Rolls-Royce this week unveiled a white paper on autonomous ships at an Amsterdam symposium, predicting the commercialization of the technology by the end of the decade.
“This is happening. It’s not if; it’s when,” Oskar Levander, Rolls-Royce's vice president for marine innovation, told the Autonomous Ship Technology Symposium 2016 Tuesday as the company issued its white paper, “Advanced Autonomous Waterborne Applications Initiative.”
“The technologies needed to make remote and autonomous ships a reality exist. The AAWA project is testing sensor arrays in a range of operating and climatic conditions in Finland and has created a simulated autonomous ship control system which allows the behavior of the complete communication system to be explored. We will see a remote-controlled ship in commercial use by the end of the decade,” Levander said.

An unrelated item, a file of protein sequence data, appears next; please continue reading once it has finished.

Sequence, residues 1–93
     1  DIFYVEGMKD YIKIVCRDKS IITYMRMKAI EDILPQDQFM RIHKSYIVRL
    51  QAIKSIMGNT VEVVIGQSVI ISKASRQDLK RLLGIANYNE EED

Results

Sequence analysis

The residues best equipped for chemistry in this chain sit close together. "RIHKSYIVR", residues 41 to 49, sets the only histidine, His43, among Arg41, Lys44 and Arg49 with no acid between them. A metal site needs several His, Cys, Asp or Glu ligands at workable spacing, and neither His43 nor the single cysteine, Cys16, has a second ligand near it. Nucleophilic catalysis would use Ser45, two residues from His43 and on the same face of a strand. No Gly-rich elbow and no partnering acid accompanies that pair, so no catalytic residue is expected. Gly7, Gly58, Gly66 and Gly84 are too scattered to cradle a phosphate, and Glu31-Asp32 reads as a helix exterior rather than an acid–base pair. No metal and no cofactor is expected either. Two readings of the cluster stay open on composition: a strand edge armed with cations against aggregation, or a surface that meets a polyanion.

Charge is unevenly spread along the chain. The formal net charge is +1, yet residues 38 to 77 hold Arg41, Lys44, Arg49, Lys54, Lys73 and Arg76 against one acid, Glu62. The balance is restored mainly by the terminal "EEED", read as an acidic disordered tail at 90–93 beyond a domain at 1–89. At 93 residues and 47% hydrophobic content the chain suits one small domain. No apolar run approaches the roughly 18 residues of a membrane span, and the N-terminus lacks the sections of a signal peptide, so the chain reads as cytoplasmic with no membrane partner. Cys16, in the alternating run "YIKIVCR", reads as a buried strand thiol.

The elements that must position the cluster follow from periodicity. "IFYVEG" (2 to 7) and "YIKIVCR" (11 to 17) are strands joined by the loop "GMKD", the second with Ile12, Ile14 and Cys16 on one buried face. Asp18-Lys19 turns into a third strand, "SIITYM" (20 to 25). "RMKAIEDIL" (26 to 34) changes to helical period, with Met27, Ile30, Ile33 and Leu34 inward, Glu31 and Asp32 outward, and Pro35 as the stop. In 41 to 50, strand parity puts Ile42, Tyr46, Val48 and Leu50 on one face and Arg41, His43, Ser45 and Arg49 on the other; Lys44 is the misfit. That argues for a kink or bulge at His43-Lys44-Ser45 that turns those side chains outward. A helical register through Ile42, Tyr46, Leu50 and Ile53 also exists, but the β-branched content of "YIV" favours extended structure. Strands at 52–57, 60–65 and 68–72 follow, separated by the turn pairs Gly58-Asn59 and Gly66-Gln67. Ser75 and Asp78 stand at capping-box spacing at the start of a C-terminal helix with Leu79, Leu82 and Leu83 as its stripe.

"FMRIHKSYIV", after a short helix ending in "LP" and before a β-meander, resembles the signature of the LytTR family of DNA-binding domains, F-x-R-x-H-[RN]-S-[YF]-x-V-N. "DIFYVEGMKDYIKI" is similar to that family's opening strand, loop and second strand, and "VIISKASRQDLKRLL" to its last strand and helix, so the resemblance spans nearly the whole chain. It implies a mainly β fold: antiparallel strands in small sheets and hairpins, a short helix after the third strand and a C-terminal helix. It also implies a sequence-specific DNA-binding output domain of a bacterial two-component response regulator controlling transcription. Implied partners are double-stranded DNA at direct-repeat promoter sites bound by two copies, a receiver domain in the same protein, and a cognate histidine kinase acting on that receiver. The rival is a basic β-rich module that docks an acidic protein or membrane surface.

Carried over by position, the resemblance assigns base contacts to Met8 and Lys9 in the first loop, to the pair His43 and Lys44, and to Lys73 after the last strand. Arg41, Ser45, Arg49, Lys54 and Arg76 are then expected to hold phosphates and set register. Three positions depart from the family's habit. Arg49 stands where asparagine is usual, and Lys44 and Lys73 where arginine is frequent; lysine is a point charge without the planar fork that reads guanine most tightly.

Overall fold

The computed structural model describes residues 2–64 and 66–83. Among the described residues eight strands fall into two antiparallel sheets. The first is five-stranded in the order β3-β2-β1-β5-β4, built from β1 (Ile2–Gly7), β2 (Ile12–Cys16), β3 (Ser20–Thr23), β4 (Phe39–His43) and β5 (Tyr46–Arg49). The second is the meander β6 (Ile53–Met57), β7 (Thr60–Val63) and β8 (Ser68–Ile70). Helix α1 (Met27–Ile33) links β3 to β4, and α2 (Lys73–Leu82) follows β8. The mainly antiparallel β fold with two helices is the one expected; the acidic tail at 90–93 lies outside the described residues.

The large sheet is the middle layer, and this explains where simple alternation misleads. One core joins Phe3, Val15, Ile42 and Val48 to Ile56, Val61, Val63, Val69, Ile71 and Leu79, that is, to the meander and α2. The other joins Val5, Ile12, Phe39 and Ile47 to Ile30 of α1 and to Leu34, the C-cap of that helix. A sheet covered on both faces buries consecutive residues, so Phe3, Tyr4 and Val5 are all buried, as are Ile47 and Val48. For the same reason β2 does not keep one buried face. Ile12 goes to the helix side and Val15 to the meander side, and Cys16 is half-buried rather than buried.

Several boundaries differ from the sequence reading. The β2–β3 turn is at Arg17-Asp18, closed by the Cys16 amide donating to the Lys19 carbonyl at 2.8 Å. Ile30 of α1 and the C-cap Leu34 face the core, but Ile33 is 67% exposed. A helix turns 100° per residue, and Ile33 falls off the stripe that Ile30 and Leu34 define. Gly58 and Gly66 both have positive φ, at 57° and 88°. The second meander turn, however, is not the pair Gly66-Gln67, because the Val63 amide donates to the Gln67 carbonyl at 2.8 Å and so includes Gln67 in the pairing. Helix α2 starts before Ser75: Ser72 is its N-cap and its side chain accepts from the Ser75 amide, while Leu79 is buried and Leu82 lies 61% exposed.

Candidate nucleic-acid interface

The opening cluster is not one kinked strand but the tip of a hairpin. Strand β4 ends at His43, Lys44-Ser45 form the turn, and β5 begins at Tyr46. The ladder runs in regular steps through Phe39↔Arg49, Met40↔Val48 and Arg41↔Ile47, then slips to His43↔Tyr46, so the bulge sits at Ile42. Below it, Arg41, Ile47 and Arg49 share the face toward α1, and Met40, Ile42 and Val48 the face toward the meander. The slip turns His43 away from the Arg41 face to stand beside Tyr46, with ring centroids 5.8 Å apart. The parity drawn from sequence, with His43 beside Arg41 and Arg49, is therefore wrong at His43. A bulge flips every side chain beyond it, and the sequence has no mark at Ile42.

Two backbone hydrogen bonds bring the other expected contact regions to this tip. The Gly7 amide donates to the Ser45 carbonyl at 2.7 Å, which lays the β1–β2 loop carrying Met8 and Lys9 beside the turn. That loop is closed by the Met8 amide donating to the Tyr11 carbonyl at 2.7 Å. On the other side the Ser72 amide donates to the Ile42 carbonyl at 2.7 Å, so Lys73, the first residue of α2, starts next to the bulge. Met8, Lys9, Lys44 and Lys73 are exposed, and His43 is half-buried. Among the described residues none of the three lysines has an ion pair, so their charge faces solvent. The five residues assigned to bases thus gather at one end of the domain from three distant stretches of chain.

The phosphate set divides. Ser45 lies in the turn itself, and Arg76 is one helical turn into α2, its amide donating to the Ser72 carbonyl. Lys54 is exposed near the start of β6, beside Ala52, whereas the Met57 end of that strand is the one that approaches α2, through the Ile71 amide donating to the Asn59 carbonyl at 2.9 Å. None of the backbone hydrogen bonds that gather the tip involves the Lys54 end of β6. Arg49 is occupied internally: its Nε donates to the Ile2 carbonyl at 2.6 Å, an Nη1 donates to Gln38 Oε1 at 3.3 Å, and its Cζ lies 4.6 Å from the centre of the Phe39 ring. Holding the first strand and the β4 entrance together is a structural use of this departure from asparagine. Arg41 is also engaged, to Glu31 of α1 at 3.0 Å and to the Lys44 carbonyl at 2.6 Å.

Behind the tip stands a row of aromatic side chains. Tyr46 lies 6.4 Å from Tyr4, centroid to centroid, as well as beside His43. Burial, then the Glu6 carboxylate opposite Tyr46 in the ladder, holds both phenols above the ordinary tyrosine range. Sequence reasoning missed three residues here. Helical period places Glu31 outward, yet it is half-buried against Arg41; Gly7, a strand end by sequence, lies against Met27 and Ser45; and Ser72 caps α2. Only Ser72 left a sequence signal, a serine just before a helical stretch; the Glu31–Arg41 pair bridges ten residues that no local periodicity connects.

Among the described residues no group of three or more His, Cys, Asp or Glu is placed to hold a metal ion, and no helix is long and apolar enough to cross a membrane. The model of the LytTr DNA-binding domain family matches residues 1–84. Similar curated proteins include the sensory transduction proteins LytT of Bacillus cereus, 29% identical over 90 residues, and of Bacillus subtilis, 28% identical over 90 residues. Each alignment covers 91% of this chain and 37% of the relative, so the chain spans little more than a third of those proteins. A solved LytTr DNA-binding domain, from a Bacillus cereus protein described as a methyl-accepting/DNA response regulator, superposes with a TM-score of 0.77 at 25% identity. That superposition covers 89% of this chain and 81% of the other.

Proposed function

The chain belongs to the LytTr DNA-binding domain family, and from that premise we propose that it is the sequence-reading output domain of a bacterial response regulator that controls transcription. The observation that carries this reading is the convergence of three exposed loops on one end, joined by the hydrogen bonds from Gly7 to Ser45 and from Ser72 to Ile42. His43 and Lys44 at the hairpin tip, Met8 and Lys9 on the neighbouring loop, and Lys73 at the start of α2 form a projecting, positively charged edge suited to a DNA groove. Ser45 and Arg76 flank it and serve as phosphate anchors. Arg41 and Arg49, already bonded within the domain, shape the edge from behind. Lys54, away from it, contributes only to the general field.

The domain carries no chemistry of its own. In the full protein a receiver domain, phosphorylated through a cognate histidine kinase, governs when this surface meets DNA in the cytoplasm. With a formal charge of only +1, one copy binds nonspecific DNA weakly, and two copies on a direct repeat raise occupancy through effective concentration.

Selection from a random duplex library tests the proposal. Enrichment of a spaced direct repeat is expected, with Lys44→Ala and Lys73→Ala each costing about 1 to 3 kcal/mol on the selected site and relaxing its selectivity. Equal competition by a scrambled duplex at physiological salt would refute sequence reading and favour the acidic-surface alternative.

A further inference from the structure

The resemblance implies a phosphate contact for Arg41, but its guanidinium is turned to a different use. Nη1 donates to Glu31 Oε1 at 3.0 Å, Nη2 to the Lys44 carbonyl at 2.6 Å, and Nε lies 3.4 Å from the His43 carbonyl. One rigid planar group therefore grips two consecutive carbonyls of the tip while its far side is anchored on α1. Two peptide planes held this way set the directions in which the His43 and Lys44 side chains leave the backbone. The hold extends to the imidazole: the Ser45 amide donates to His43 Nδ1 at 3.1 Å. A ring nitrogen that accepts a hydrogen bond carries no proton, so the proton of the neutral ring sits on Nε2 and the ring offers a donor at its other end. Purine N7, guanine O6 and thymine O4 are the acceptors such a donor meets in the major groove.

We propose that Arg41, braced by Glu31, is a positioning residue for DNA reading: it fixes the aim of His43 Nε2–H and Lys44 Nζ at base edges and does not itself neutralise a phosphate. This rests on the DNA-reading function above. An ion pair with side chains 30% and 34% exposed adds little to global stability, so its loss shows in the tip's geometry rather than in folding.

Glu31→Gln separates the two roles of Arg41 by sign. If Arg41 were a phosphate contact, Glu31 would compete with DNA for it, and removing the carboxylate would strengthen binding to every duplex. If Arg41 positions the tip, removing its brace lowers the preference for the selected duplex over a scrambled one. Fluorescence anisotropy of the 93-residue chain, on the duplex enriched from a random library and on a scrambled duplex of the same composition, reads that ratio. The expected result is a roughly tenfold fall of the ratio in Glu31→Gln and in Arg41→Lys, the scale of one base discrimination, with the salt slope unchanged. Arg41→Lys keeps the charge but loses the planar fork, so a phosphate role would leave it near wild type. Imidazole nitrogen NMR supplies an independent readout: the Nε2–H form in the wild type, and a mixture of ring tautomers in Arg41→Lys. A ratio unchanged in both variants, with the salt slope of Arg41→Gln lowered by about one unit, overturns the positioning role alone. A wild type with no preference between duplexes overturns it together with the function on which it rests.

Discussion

The white paper discusses current research and applications for the technology, including the safety and security implications of operating ships remotely. It also discusses the legal and regulatory aspects, and the existence of a supplier network.
The technology, which Rolls-Royce said has the support of shipowners and operators, was tested on Finferries’ 213-foot double-ended ferry, the Stella, which operates between Korpo and Houtskär. Also working on the project is ESL Shipping Ltd., which is testing implications for cargo vessels.
“Our solutions in ship intelligence will deliver multifaceted enhancements in vessel performance and operation for our customers. In the shorter term, we are supporting our customers to automate operations and navigation, allowing crew to concentrate on more-valuable tasks,” Rolls-Royce said in an introduction to the white paper.
“Our future solutions will reduce need for human-machine interaction by automating selected tasks and processes, whilst keeping the human at the center of critical decision-making and onboard expertise. In the longer term, our efforts in remote and autonomous operations will pave the way to autonomous ships.”